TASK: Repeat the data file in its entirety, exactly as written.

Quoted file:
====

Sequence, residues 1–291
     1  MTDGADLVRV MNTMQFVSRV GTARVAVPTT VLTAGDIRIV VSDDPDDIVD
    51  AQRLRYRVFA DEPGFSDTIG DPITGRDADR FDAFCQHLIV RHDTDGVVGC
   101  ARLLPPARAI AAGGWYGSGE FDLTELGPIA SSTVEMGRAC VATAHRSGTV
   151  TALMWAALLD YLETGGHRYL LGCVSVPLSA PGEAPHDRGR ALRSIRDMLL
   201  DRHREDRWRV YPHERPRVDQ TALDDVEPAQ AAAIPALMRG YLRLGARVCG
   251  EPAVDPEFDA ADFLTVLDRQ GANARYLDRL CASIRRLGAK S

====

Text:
Sequence, residues 1–291
     1  MTDGADLVRV MNTMQFVSRV GTARVAVPTT VLTAGDIRIV VSDDPDDIVD
    51  AQRLRYRVFA DEPGFSDTIG DPITGRDADR FDAFCQHLIV RHDTDGVVGC
   101  ARLLPPARAI AAGGWYGSGE FDLTELGPIA SSTVEMGRAC VATAHRSGTV
   151  TALMWAALLD YLETGGHRYL LGCVSVPLSA PGEAPHDRGR ALRSIRDMLL
   201  DRHREDRWRV YPHERPRVDQ TALDDVEPAQ AAAIPALMRG YLRLGARVCG
   251  EPAVDPEFDA ADFLTVLDRQ GANARYLDRL CASIRRLGAK S